Offshore wind-temperature mapped from JAXA`s Satellite remote AMSR2 sensing over the North Pacific Ocean

Elisa Sorrivi
DICAM, Bologna, Italy


Offshore wind energy is one of the renewable energy sources to be exploited in Europe, Asia and North America to reduce anthropogenic emission of greenhouse gases from energy mix. Accurately estimating the wind-waves and temperature climate is important to the ocean and coastal engineering design. The Global Change Observation Mission-Water "Shizuku" (GCOM-W) satellite, with a newly developed microwave radiometer: Advanced Microwave Scanning Radiometer-2 (AMSR2) developed by Japan Aerospace Exploration Agency, was launched successfully in May 2012. The standard geophysical products of AMSR2/GCOM-W were released a year after launch date. Here, we use data from three buoys moored in the North Pacific Ocean to test the accuracy of AMSR2 sea surface temperature (SST) and near surface wind speed (SSW). The North Pacific Ocean is subject to large multi-scale variability and intense air-sea interaction and thus provides a challenging test for the satellite sensor. From the year-long comparison, we confirm that the root mean square difference (RMSD) of AMSR2 SST observations was 0.75C and meets the criterion for release accuracy (0.8C). On the other hand, the RMSD of SSW was 1.6 m s-1, slightly worse than the criterion (1.5 m s-1), suggesting that the algorithm for SSW needs to be further improved. The analysis also showed that seasonal variations and characteristics of the relationship between SST and SSW are similar to those observed by previous satellite sensor (AMSR-E). Overall, the results give confidence that AMSR2 products can be used for many air-sea interaction, climate, and water cycle studies.


The region of Japan's Seas, which includes Kuroshio Extension area in the North Pacific Ocean, are often threatened by extreme events like typhoons and storm waves. Wind sensors were mounted on the buoy's tower at a height of 3.5-4.5 m from sea surface, AMSR2 standard geophysical products gives wind speed at 10 m. There are two kinds of data for SSW and SST: L2 and L3. In the match-up process, we found roughly ten outliers only for SSW, with very large differences ( > 10 m s-1). For SST, the release, standard, and goal threshold accuracies are 1.0C, 0.5C and 0.2C, respectively, while those of the SSW are 1.5 m s-1, 1.0 m s-1 and 1.0 m s-1.


AMSR2 SSW is biased high (+1.04 m s-1) relative to the buoy winds (10 m height). Larger differences were found in the low (< 5m s-1) and high (> 15 m s-1) wind range. The large discrepancies in high wind range were mainly observed by KEO and are associated with typhoons. The monthly climatologies for both data sets agree to within their SD. In the comparison with buoy, there was difference between ascending and descending observations for SSW: ascending have larger RMSD (1.70 m s-1),descending (1.46 m s-1). Difference of 0.24 m s-1 is significant as confirmed by F-test. For ∆T derived from AMSR2 and that from buoys, the average over the entire period is nearly zero.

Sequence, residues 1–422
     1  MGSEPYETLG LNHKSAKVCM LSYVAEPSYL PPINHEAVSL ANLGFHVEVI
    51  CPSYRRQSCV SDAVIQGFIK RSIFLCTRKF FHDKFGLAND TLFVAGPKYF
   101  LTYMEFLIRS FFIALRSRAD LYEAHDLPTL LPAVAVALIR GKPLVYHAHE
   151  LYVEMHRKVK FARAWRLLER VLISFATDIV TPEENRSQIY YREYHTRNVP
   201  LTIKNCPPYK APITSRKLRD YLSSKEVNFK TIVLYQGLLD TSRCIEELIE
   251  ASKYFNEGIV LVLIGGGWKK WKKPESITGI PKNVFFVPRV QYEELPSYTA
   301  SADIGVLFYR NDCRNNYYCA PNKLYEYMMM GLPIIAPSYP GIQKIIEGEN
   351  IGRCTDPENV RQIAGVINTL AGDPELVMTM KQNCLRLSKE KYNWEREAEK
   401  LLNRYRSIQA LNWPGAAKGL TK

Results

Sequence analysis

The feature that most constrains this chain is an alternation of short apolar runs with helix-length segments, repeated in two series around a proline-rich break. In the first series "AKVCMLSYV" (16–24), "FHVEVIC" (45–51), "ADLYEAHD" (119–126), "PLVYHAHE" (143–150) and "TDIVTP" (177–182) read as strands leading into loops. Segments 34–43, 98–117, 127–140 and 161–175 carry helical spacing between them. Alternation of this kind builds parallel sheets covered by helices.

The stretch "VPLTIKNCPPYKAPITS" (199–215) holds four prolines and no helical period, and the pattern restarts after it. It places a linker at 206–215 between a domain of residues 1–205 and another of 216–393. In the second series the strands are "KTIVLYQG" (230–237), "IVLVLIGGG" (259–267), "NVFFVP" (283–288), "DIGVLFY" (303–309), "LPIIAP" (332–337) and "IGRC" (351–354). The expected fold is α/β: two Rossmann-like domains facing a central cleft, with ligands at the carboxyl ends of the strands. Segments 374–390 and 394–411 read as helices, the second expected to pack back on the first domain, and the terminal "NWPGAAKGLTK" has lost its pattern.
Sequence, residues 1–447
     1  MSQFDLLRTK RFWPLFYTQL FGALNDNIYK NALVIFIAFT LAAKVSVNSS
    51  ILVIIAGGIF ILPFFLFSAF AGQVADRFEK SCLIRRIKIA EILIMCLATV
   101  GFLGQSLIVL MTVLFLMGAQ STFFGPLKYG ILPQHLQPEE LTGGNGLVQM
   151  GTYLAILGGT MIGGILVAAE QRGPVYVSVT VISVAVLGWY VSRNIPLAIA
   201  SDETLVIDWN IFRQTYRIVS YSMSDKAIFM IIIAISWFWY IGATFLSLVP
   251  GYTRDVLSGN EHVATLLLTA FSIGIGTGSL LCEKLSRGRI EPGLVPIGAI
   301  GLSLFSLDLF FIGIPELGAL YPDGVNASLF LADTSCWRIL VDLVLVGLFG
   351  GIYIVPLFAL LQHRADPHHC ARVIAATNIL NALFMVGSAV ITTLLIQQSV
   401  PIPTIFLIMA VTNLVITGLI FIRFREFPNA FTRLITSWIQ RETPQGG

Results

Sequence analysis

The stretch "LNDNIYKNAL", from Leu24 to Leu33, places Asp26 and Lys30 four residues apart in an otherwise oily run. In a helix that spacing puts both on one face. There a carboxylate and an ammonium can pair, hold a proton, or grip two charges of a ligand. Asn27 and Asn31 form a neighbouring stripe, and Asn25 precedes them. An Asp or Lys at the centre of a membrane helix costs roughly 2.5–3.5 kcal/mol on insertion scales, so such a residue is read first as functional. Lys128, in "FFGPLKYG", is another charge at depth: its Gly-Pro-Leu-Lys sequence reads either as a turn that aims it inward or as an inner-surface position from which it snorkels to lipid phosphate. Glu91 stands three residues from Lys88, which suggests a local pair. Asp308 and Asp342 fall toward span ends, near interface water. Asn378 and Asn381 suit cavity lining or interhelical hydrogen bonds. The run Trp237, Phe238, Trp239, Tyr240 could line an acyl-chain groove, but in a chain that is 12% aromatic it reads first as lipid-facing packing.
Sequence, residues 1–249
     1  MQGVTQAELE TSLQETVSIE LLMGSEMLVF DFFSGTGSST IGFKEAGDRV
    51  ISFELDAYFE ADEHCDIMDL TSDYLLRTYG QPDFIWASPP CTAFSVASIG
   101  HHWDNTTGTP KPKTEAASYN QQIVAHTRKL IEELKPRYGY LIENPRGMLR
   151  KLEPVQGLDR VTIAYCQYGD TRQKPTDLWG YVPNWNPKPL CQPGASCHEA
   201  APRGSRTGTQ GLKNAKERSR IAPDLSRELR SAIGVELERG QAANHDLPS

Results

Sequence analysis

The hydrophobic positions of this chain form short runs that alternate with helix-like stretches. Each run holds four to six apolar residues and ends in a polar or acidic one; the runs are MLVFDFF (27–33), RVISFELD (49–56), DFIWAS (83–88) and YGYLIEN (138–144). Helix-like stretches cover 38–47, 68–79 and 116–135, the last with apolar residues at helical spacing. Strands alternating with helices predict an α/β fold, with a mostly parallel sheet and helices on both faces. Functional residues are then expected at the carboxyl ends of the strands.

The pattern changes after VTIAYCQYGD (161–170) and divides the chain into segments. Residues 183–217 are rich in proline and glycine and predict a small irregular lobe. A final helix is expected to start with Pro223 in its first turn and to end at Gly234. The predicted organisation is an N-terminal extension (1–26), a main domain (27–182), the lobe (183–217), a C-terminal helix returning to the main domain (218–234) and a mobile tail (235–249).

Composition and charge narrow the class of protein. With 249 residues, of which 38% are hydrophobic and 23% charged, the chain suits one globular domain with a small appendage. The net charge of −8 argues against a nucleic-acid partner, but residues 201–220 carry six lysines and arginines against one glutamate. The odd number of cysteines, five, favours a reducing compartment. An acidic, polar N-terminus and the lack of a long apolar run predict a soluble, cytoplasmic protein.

The newly developed satellite microwave sensor AMSR2 mounted on the GCOM-W satellite, launched in May 2012, is providing many standard geophysical parameters, including sea surface temperature and sea surface wind. This study shows that based upon in situ observations in the KE region, SST meets the accuracy criterion for public release. SSW does not meet the criterion; the RMSD is slightly worse (1.6 m s-1) than the criterion (1.5 m s-1). The fact that AMSR2 can observe SST and SSW near the release accuracy threshold in this challenging region is very encouraging. The accuracy, however, does not meet the "goal" criterion. It is hoped that the current algorithm can be improved to better capture the range of variability of both SST and SSW.


This research found larger discrepancies relative to the buoy observations when complex fronts and eddies were in the region of the buoy. AMSR2 spatial resolution for SST is approximately 50 km. In regions where very sharp fronts can persist for long periods, this can produce local biases in the satellite fields. For roughly 77% of the time record, winds are greater than 5 m s-1, which suggests that strong diurnal warming by solar radiation is not expected to produce afternoon thermal stratification. The accuracy, however, does not meet the "goal" criterion. It is hoped that the current algorithm can be improved to better capture the range of variability of both SST and SSW.